Old Bottle – New ‘Treasure’

A few weeks ago my husband was doing some repairs  to the old lean-to building out the back of the house which houses a toilet (for use when working outside – eg in welly boots and mucky coats). Now this building may have been used for such a function for many years, or it may not. For, when removing some of the slates before repair work to the roof, he came across an old bottle.

There is something beautiful about an old bottle, which judging by its style was probably made in the late 1800s. So, from junk, propped up on the top of the interior wall of an old out-building, it has become  a minor ‘treasure’  – something interesting to be handled and admired.

This bottle was for Percy’s Rennet (click on the pictures to see the words better). 

This would have been made  in a shaped metal hinged mould with the words embossed on the sides and  the glass would have been blown into the shape.


Rennet is used in cheese making, or at the very least, to make junket. You can still buy rennet for junkets in the shops in the local town. If you’ve never had Junket here’s the recipe

RECIPE for Junket – a dessert often given to invalids or children (clotted cream is a Cornish or Devon speciality cream – thick with a golden crust)


2 pints milk
1 tablespoon caster/superfine sugar
2 teaspoons rennet (or follow instructions on bottle for amount to be used)
1/4 teaspoon powdered cinnamon or nutmeg
1 tablespoon brandy or rum (optional)
clotted cream (optional)


– Warm the milk until it feels neither cold not warm (blood temp)
– Put it into a large serving dish and stir in the rennet and sugar.
– Add the brandy or rum. (if used)
– Stir once or twice and leave in the large bowl or or pour into smaller dishes – leave in a warm room to set.
– When set, cover with clotted cream (if used) and sprinkle with cinnamon or nutmeg.


At another time we also found this little bottle, made from a white glass.

This is my picture quiz for this month.

What did this bottle hold when in use?

The first correct answer left in the comments will WIN an e-copy of

Nothing Ever Happens Here by Ann Foweraker.

Click HERE to read descriptions, reviews and read first 3 chapters in pdf of this book and Divining the Line and Some Kind of Synchrony


I really love to hear from you all.. have you found such ‘old junk’ that today becomes a minor treasure or a collectable? What’s the best thing you’ve found? or just your favourite?  Do share and do have a guess at the picture quiz!

24 /2: It has been a week of thinking and guessing. I believe it is time for a clue as the guesses have dried up .. .  if you have already guessed once you are allowed to guess again!

CLUE 1:  This bottle held a commodity we all use everyday – though it now it comes in a different form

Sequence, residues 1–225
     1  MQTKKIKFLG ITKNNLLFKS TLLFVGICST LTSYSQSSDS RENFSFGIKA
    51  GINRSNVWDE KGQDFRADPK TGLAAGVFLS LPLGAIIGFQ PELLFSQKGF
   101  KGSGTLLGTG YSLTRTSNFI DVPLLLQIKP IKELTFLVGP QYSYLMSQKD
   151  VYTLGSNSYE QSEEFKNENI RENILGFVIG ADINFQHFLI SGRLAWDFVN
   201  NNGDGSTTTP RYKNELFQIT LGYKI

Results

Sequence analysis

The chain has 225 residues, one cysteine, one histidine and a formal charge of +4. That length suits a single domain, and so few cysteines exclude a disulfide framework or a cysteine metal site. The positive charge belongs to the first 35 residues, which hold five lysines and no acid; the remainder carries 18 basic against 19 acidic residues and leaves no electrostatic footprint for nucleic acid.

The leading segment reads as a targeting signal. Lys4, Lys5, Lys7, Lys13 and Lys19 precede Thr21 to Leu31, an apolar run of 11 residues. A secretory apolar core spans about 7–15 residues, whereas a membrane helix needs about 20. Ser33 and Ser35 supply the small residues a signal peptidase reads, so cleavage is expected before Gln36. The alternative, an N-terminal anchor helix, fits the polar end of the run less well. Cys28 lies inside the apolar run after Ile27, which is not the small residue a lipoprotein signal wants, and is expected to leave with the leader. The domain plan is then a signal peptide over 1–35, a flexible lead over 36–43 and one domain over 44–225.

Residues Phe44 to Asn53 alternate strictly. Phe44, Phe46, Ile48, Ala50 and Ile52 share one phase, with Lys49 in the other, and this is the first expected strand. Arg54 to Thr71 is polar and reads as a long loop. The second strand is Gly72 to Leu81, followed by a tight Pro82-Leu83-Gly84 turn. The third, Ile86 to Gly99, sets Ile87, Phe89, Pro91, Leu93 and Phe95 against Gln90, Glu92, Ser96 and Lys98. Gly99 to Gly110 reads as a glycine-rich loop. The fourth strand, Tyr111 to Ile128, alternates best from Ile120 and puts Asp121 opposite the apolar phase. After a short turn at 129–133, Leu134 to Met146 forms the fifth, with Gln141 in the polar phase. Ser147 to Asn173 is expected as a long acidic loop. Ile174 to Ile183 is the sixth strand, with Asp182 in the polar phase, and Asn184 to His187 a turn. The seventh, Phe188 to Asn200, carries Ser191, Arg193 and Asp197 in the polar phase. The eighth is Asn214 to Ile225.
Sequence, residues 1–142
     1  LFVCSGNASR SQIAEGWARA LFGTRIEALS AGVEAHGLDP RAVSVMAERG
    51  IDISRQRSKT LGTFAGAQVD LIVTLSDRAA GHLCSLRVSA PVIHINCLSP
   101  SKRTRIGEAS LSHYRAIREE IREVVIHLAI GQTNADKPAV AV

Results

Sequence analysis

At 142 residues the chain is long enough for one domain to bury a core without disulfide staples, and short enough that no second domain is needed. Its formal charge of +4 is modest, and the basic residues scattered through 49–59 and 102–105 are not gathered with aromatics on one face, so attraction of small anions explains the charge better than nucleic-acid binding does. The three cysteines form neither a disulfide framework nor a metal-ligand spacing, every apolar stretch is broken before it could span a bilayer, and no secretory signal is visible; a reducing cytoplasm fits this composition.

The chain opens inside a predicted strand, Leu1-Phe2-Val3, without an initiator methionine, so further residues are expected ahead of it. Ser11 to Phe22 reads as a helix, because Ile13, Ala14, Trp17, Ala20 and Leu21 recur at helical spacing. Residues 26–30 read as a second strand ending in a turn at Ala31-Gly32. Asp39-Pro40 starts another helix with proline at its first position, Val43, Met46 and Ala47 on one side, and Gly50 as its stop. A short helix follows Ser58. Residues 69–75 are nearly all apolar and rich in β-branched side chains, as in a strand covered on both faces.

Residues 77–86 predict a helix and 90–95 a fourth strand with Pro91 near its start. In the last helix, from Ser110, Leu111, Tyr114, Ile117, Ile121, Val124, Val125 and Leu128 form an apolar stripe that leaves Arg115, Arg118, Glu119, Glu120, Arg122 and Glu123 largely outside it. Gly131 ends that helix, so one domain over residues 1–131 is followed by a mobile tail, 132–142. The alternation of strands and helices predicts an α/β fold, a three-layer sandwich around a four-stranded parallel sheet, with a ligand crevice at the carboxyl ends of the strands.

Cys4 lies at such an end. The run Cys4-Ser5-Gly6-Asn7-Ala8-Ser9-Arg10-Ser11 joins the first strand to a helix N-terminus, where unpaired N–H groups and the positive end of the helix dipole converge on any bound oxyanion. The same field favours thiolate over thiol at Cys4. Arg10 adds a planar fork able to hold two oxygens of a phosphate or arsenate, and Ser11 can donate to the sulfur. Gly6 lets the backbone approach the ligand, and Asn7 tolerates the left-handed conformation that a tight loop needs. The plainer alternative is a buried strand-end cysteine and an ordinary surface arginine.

OK – as we are well into March I guess I’ll have to give the answer to this Picture quiz. This little bottle was used for TOOTH-POWDER. It may well have been a ‘sample’ bottle as it is so small – or a ‘travel’ bottle. It dates from the end of the 1800s.  As I mentioned in the comments it is missing a small cap. More often than not Tooth-powders came in a shallow ceramic pot with a decorated ceramic lid – so this is unusual. Thanks for everyone who did have a guess – but I’m afraid as no one was even near, the prize awaits the next quick quiz.


11 thoughts on “Old Bottle – New ‘Treasure’

    • Hi Liv, I can see where you are coming from with that idea with its shape, however I can tell you, and everyone else, that it is not part of something larger – though it is quite small when you look at it beside the pen there isn’t it?
      Good guess though, and you are alowed more than one go!

  1. You really got me trying to figure out what the milk glass bottle could be. I can’t figure out by the odd shape what it can be. Seems like it should be for medicine or eyedrops, but I give up. You got me. When will you tell us?
    Thanks for the rennet recipe, my grandmother used to make it when I was small–love it.

    • Hi Cora, Yeah, it’s a cute little bottle isn’t it? And both your ideas sound quite logical. I’m not saying what it is for a while – give a few other people a chance to have a guess – but I’ll post the answer by the end of the month, definitely! I like Junket too, though my husband doesn’t appreciate it at all (not a real pudding!)

  2. I haven’t had Junket for years! Wow thanks for the recipe. As for the little white bottle – I’m thinking that some kind of flexible tube or funnel may have been attached for liquids to go in or out?

    • Hi Margaret, Thanks for having a guess!
      I can see how the shape makes you think of attaching a tube – but, no, it didn’t have a tube attached. It is missing a small cap that kept the contents in – but that is all.
      The junket recipe still relies on finding junket rennet available near you though – not sure I could find it everywhere in the UK…..

  3. No worries Helen – easily done – and I only posted it today because I thought I ought to put a few people out of their misery and reveal the answer. I’m working on a quick quiz for March now….

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